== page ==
March 19, 2013 / 1:53 PM / in 5 years

U.S. natgas futures edge higher for 5th day, below 17-mth high

* Front month below Monday's highest level since Oct. 2011
    * Nuclear outages still running above normal
    * Cold weather remains on tap in long-term outlooks

    By Eileen Houlihan
    NEW YORK, March 19 (Reuters) - U.S. natural gas futures
edged higher early on Tuesday, extending gains for a fifth
straight session but remaining just under Monday's 17-month spot
chart high.
    Lingering cold weather in consuming regions of the nation, a
string of supportive weekly storage withdrawals and above-normal
nuclear power plant outages have combined to lift nearby gas
futures up about 25 percent in just over a month.
    The contract broke through several key resistance levels on
its run up from a five-week low of $3.125 per million British
thermal units hit in mid-February, and was accompanied by steady
gains in open interest, a bullish sign indicating that new
buying and not short covering has been fueling the upside.
    Futures-only open interest hit a record high of 1,316,945
contracts on Friday, eclipsing the previous high of 1,308,114
from April 2012. 
    But some traders caution that the impending end of winter
could provide resistance to higher prices.
    As of 9:31 a.m. EDT (1331 GMT), front-month April natural
gas futures on the New York Mercantile Exchange were at
$3.904 per mmBtu, up 2.2 cents, or less than 1 percent.
    The front-month rose to $3.965 on Monday, the highest mark
for a spot contract since October 2011, according to Reuters
    Forecaster MDA Weather Services called for widespread cold
across most of the country in its one to five-day outlook.
    The latest National Weather Service six to 10-day forecast
issued on Monday called for below or much-below-normal
temperatures for a little more than the eastern half of the
nation, with normal readings in the West.
    Nuclear outages totaled 21,000 megawatts, or 21 percent of
U.S. capacity, up from 20,500 MW out on Monday and a five-year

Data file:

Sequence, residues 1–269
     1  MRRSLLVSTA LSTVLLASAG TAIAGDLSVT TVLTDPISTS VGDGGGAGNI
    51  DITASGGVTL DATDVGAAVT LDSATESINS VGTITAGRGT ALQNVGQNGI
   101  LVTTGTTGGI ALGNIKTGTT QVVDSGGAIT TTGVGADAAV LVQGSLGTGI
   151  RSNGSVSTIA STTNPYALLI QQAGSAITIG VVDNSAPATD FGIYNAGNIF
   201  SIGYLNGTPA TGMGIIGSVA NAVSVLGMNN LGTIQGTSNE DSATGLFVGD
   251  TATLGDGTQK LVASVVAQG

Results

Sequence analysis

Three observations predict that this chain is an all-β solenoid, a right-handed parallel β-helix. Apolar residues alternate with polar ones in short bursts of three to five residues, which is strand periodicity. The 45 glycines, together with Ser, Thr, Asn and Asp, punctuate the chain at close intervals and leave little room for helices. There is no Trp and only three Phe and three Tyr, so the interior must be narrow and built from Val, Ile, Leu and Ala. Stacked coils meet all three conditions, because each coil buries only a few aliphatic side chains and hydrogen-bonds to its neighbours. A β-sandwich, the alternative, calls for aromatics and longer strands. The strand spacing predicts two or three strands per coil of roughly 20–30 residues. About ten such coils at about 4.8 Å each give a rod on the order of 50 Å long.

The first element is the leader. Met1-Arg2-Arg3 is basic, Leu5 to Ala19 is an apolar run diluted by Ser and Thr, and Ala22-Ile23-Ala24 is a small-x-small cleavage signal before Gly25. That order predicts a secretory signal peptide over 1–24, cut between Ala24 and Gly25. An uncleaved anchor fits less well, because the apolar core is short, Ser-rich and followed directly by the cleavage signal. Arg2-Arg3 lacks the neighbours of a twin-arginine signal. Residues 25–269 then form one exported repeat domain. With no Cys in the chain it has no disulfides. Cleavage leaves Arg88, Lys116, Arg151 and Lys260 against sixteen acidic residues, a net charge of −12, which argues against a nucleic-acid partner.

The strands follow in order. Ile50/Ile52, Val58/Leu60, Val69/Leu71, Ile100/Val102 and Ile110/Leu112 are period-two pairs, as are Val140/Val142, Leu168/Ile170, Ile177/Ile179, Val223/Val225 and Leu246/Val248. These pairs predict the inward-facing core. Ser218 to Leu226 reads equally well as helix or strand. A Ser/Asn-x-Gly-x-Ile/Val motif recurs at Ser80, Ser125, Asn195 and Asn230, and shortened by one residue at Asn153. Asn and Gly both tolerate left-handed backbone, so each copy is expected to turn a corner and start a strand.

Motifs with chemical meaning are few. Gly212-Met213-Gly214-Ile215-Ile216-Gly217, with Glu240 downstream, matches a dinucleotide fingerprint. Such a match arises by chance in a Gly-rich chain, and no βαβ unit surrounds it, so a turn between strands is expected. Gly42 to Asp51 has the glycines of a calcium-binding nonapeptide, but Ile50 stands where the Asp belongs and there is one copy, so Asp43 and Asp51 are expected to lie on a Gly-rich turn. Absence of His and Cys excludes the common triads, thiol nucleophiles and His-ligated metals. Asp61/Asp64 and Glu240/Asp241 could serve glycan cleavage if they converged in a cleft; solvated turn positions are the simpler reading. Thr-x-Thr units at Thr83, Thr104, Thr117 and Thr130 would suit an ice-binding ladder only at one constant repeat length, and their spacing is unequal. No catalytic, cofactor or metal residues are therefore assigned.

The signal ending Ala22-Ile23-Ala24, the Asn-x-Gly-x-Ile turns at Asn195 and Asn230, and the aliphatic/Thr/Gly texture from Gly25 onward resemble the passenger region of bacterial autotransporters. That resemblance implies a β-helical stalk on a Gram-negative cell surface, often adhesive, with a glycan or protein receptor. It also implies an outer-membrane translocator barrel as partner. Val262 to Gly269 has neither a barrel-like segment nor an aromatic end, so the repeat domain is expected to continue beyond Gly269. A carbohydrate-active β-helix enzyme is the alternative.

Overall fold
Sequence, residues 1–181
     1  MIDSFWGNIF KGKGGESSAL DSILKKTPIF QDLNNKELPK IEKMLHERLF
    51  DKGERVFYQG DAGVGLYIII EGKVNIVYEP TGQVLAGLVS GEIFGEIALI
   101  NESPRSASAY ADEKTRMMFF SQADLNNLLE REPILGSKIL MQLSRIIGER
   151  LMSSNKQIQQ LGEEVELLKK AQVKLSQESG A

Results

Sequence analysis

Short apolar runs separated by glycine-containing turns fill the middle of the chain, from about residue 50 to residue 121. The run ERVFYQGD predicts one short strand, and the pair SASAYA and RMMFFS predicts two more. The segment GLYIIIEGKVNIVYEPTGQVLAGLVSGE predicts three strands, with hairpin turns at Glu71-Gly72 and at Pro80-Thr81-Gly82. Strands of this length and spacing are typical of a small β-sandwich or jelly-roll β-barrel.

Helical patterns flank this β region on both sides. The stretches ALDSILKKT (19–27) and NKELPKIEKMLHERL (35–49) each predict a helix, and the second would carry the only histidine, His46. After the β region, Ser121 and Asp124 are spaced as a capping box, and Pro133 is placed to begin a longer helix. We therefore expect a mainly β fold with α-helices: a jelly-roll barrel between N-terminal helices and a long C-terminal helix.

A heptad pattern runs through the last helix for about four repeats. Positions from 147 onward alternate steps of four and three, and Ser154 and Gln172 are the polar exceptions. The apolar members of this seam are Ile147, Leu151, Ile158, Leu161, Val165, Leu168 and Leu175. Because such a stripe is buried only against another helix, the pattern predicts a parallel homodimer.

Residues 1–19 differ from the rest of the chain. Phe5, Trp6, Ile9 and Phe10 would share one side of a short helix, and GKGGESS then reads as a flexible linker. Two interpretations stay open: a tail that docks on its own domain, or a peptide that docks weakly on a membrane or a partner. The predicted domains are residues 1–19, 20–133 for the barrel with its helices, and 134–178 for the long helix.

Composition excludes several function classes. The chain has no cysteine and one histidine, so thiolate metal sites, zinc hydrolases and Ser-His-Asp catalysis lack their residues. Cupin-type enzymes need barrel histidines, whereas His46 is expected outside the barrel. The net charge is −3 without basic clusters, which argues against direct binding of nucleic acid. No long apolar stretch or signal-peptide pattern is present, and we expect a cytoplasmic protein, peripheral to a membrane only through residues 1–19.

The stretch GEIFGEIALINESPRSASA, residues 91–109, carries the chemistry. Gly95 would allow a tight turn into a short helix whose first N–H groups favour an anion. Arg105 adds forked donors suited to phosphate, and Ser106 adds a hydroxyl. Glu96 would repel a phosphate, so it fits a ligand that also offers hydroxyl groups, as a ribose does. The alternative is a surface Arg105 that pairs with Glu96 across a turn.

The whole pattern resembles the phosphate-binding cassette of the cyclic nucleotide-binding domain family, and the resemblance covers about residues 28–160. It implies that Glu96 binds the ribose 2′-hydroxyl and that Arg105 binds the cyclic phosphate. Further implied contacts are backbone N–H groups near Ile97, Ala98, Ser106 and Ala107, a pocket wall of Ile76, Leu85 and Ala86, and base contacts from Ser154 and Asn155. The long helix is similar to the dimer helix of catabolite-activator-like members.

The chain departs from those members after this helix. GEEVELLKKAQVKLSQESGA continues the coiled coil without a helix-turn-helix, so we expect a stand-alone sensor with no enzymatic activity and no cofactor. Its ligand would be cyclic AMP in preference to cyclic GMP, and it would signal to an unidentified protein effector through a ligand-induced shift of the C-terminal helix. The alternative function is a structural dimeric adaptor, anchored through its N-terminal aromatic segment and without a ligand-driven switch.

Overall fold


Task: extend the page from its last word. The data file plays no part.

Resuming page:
average outage rate of about 17,200 MW, but down from 21,700 MW
out a year ago. 
    U.S. Energy Information Administration data last week showed
storage fell 145 billion cubic feet the prior week, more than
Reuters poll expectations for a 134 bcf draw, the year-ago drop
of 66 bcf, and the five-year average decline for that week of 74
    It was the fourth straight larger-than-expected drawdown
from inventories.
    The data showed domestic gas inventories are now at 1.938
trillion cubic feet, nearly 19 percent below last year's record
high levels for this time of year, but about 11 percent above
the five-year average level. 

    The string of strong weekly withdrawals has prompted
analysts to sharply lower estimates for end-winter storage, with
some expecting inventories to drop as low as 1.8 tcf, or about 4
percent above average.
    A Reuters poll in mid-January showed most analysts had
expected stocks to finish the heating season at about 2 tcf.
    Early withdrawal estimates for this week's EIA storage
report range from 62 bcf to 73 bcf, versus a flat year-ago week
and a five-year average withdrawal of 26 bcf for that week.
    Baker Hughes data last week showed the gas-directed
drilling rig count rose by 24, the largest number in over three
years, lifted from the prior week's 14-year low to 431.

    But while the EIA last week lowered its growth forecast for
2013, it still expects marketed gas production to hit a record
high for the third straight year.

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